Learning from the Corner Office * Yum Brands and Ford Motor

I enjoy reading The New York Times’ Corner Office column. I always gain insight from the lessons and perspectives of CEOs who are profiled in it. David C. Novack, chairman, chief executive of Yum brands had these interesting observations in a July column:
“Our [Yum Brands’] culture is based on the fact that people have an innate need for well-deserved recognition. Using recognition is the best way to build a high-energy, fun culture and reinforce the behaviors that drive results.

“One, it [recognition] needs to be deserved. And, two, it needs to come from the heart. So I think what leaders have to do is recognize the people who are getting it done. For the people who are getting it done, it can’t be done too much. Why be selfish on the thing that matters most to people?

“People leave companies for two reasons. One, they don’t feel appreciated. And, two, they don’t get along with their boss. We try to recognize the people who are really getting it done any time they happen to get it done, and we try to develop coaches instead of bosses. To me, with recognition, if you’ve got to err on the side of anything, recognize more than you should.”

Alan R. Mullaly, president and chief executive of Ford Motor, spoke of the four things he, as CEO, focuses on in a September column. One of those four he described as:
“I really focus on the values and the standards of the organization. What are the expected behaviors? How do we want to treat each other? How do we want to act? What do we want to do about transparency? How can we have a safe environment where we really know what’s going on?”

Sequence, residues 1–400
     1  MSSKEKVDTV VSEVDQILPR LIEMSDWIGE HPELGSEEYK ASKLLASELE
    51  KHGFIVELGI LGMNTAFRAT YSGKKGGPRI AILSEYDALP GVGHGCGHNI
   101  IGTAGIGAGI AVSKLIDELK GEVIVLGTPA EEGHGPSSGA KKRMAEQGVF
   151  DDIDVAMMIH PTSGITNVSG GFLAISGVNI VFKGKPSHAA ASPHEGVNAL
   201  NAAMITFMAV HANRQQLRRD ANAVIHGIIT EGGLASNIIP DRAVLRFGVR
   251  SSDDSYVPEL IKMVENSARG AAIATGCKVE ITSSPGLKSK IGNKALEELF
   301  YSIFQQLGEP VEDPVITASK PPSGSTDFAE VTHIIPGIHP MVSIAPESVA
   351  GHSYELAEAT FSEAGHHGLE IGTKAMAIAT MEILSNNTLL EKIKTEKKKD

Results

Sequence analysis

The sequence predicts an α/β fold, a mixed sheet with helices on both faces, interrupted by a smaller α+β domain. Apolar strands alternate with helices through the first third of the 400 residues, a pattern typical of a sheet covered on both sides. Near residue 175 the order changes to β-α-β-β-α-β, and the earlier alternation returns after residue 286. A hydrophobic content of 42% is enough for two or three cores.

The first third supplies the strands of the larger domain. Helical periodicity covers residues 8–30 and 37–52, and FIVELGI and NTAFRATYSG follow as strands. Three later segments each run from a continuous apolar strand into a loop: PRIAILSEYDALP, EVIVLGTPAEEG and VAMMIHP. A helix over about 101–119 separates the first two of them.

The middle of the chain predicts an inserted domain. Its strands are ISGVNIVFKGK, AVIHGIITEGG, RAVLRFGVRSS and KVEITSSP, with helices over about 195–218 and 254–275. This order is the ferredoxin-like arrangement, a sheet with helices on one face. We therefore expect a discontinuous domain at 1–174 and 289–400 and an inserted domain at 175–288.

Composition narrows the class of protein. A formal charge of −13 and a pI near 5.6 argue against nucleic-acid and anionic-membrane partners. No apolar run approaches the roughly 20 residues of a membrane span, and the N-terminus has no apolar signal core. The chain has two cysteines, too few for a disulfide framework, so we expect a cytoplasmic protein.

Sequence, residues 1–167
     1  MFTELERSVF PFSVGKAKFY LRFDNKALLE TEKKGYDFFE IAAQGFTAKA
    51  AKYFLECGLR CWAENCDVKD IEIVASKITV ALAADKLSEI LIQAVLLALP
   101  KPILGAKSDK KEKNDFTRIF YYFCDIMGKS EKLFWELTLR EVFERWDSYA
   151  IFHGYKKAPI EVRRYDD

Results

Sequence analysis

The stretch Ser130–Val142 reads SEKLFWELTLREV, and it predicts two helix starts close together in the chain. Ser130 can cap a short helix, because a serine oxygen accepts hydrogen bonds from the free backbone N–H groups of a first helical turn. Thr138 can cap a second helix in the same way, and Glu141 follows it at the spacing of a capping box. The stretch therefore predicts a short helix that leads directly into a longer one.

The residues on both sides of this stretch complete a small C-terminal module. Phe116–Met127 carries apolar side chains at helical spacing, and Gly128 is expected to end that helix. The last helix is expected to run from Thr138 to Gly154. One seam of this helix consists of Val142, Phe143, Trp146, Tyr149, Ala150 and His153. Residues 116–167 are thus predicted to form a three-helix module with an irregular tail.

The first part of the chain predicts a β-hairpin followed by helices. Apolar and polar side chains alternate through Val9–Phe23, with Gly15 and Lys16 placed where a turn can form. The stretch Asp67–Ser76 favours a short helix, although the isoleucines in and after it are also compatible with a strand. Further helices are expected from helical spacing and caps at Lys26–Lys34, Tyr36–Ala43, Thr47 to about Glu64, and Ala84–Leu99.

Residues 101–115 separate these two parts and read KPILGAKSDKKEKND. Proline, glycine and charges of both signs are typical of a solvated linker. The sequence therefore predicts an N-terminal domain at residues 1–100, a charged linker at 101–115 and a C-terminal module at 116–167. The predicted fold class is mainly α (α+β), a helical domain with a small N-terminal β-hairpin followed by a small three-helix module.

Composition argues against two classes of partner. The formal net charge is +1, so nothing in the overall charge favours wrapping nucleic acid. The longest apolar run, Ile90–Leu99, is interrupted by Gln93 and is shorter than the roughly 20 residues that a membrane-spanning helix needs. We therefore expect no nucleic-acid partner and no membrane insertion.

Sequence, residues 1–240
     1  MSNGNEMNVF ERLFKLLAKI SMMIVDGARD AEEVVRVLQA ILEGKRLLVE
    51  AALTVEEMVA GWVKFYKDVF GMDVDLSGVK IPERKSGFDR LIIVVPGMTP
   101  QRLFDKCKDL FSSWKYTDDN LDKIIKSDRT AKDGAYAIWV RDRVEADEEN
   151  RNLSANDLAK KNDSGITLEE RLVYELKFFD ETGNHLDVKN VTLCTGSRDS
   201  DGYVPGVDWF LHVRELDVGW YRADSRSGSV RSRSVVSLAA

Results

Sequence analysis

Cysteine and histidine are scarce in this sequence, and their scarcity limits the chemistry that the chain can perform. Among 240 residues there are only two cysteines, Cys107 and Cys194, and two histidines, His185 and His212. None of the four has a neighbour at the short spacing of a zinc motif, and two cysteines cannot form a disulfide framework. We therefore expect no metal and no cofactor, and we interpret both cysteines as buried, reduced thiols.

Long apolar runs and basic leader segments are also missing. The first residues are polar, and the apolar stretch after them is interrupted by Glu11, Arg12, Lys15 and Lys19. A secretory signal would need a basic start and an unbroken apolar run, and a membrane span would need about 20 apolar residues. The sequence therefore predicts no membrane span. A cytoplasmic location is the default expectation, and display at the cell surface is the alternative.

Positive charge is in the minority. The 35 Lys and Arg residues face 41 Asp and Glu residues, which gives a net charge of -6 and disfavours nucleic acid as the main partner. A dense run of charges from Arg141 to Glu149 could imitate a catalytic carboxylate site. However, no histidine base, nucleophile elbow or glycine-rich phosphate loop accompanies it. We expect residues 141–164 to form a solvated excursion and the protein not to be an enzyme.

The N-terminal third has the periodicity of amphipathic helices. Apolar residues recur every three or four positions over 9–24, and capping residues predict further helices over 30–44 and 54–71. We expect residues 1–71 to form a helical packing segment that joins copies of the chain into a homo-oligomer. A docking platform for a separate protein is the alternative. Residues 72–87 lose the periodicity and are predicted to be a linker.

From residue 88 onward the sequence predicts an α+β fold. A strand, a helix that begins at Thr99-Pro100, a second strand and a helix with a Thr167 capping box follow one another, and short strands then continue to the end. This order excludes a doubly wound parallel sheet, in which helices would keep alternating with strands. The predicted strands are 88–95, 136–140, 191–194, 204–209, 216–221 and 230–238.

Between them, Mr. Novack and Mr. Mullaly hit three of our five tenets for strategic recognition in an organization:

1) Executive sponsorship with defined goals – the CEO must set the tone for the culture of the organization, encouraging and demonstrating the action he wants to see.

2) Opportunity for all to participate – recognize the majority of your people every time they do something worthy of appreciation. Recognition does not become less meaningful the more it happens. Rather, frequent recognition shows your people you care enough to pay attention to what they are doing and value their efforts.

3) Aligned with company values and strategic objectives – recognition is a powerful tool to make your values and objectives come alive for every employee in their everyday tasks. Tie every recognition to a value demonstrated or objective contributed to and you can begin to analyze understanding of the values and objectives by person, by team, by division.

What nuggets do you take away from these leaders?

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